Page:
Recently the CMAM has been coupled with a 3-D variational assimilation (3DVar) scheme to produce a CMAM data assimilation system [Polavarapu et al., 2005a]. Standard meteorological observations from the Canadian Meteorological Centre were used below 1 hPa. Between 10 and 1 hPa, the only measurements used were from the AMSU-A instrument. Vertical correlations were constructed to ensure a negligible impact of the data on the analysis above 1 hPa (to avoid the issues described by Polavarapu et al. [2005b]). No measurements were assimilated above 1 hPa. To reduce the spurious waves produced from inserting the analysis updates, a digital filter along the lines of Lynch and Huang  was inserted into the model. Initially, this was deemed an acceptable solution to the problem, based on the tropospheric and stratospheric parts of the analyses, but as we shall see here, the impact of the digital filter on the mesosphere is significant.
3. Initialization Methods
 In this work we consider the initialization methods which were available for our system: the digital filter, the incremental digital filter and the incremental analysis updating scheme. NNMI-based schemes are not considered.
 The digital filter [Lynch and Huang, 1992] can be simply described as follows: a time series f(t) can be transformed to frequency space by means of a Fourier transform (ℱ):
 If the function in frequency space, F(ω), is multiplied by a Heaviside step function, H(ω), that is zero for all frequencies to be removed, the result can be transformed back to temporal space. The digital filter, then, is a convolution of the original function and the inverse Fourier transform of the appropriate Heaviside step function in frequency space.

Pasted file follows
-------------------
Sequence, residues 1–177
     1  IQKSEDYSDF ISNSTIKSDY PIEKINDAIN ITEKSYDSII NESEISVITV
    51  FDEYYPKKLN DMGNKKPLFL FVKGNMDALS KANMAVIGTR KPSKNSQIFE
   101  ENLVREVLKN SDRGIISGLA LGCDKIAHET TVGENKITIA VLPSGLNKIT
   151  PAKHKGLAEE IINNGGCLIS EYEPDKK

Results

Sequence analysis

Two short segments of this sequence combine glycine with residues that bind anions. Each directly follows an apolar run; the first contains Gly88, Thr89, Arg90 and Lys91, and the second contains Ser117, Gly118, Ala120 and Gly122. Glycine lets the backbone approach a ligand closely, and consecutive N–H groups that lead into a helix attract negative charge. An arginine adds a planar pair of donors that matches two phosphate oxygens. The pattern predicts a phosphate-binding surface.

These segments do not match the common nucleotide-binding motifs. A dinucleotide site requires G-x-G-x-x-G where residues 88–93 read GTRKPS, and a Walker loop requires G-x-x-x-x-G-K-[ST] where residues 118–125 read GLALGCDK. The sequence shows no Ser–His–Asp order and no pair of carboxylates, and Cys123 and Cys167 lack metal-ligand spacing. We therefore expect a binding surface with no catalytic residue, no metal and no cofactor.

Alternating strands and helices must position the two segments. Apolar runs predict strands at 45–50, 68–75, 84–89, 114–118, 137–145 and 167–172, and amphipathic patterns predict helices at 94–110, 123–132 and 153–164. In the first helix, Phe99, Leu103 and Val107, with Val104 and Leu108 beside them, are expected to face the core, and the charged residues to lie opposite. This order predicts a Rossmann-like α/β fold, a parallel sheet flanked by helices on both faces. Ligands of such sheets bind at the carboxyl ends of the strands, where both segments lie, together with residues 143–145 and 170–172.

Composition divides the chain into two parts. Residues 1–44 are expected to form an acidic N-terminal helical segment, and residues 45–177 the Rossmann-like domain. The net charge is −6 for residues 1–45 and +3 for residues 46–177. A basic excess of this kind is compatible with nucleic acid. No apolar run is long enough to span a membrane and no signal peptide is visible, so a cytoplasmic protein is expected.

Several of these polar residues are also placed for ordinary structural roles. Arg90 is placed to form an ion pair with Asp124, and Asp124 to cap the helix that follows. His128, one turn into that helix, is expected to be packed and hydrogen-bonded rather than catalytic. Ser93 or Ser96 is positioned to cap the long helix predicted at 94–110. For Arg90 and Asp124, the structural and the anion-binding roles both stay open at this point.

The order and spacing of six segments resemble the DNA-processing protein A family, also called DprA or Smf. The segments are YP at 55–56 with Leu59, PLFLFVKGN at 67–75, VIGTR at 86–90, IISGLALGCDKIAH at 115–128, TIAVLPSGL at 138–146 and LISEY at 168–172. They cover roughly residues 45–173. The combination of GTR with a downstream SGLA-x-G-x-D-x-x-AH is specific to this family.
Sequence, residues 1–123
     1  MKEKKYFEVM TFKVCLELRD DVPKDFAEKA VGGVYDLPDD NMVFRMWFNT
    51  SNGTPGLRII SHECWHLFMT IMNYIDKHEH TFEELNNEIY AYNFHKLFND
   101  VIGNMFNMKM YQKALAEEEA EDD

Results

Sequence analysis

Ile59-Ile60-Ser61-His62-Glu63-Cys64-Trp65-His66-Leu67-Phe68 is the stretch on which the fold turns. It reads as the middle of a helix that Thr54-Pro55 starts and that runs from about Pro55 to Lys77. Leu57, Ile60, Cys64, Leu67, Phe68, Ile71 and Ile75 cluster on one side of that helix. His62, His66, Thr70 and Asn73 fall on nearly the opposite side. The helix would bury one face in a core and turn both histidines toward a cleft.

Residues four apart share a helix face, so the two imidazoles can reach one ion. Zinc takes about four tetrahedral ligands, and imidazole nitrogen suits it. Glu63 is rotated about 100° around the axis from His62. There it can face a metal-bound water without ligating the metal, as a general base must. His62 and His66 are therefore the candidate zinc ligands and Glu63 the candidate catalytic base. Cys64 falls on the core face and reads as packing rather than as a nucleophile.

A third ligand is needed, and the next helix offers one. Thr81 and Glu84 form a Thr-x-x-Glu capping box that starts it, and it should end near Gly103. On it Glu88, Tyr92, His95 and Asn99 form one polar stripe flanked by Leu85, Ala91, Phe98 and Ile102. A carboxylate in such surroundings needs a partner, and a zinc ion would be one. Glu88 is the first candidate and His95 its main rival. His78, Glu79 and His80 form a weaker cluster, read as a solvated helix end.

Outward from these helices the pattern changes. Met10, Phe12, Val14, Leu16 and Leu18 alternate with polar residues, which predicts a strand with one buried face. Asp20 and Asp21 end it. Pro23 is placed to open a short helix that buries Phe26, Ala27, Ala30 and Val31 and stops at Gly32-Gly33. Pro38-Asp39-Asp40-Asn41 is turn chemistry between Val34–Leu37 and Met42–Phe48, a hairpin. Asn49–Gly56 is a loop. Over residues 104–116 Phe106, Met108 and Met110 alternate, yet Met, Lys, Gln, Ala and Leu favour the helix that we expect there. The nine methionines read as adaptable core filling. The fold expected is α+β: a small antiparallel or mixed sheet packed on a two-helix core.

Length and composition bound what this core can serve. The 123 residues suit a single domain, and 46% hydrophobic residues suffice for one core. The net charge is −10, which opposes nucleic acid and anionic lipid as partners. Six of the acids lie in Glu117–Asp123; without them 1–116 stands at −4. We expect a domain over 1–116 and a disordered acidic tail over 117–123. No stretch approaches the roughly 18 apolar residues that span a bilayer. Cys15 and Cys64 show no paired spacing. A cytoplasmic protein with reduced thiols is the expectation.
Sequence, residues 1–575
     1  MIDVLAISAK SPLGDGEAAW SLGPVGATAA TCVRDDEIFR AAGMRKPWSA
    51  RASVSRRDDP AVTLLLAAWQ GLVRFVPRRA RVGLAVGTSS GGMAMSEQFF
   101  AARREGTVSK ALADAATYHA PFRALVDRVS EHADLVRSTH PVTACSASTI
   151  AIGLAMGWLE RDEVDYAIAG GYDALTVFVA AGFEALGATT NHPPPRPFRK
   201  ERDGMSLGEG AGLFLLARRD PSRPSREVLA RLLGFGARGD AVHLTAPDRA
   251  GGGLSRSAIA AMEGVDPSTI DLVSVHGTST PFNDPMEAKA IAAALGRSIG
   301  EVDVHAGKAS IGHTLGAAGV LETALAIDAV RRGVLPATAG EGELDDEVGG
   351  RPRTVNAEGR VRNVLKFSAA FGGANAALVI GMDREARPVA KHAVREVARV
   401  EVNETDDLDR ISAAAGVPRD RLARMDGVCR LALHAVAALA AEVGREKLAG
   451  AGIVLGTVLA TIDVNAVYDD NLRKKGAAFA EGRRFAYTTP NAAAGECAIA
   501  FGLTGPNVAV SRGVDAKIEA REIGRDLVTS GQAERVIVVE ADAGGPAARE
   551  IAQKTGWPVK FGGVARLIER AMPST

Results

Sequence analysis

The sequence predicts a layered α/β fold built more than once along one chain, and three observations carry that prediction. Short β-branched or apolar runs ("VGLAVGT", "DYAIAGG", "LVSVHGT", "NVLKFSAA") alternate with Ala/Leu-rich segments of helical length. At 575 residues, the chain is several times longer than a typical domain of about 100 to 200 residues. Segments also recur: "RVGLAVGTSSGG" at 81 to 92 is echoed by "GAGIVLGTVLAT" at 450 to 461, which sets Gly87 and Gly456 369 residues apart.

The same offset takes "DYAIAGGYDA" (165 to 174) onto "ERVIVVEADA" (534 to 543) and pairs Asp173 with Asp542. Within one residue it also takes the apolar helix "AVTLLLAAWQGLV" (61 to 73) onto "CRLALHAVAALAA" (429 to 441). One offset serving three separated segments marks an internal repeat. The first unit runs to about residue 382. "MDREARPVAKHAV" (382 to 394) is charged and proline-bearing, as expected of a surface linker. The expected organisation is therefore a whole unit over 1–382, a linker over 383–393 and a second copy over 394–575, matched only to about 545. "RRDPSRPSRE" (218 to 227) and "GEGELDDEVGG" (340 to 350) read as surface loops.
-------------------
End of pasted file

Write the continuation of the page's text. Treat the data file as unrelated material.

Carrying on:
The above works well for an infinite, continuous function f(t), but with a numerical forecast model the time series is neither continuous nor infinite. The methodology still works, but the response function no longer has the sharp cutoff that is desired. Figure 1 shows the ideal response function to remove frequencies higher than 6 h (solid curve), and the response from a digital filter (dashed curve) that has acted upon a 12-h time series. The dashed curve shows Gibbs fringes, the effect of which can be lessened by multiplying the filter coefficients by a Lánczos window (dash-dotted curve), as defined by Fillion et al. .
 Although the digital filter is simple in its conception, there are problems in that the filtering is indiscriminate: both the spurious high frequencies generated by the unbalanced analysis increments and the high frequencies that naturally occur in the climate model are damped or removed. To overcome this problem, a similar method called the incremental digital filter [e.g., Gauthier and Thépaut, 2001] is often employed instead. This method is computationally more expensive than the standard digital filter, requiring the time series to be filtered twice. First, the time series with the analysis increments included is filtered as before, and then the time series with no analysis increments is filtered. With the assumption that the filtering operation is linear and the model response to the increments is linear, the difference between these two results gives the filtered increments, leaving the natural high frequencies in the model untouched. This difference is then added to the original unfiltered, unincremented time series.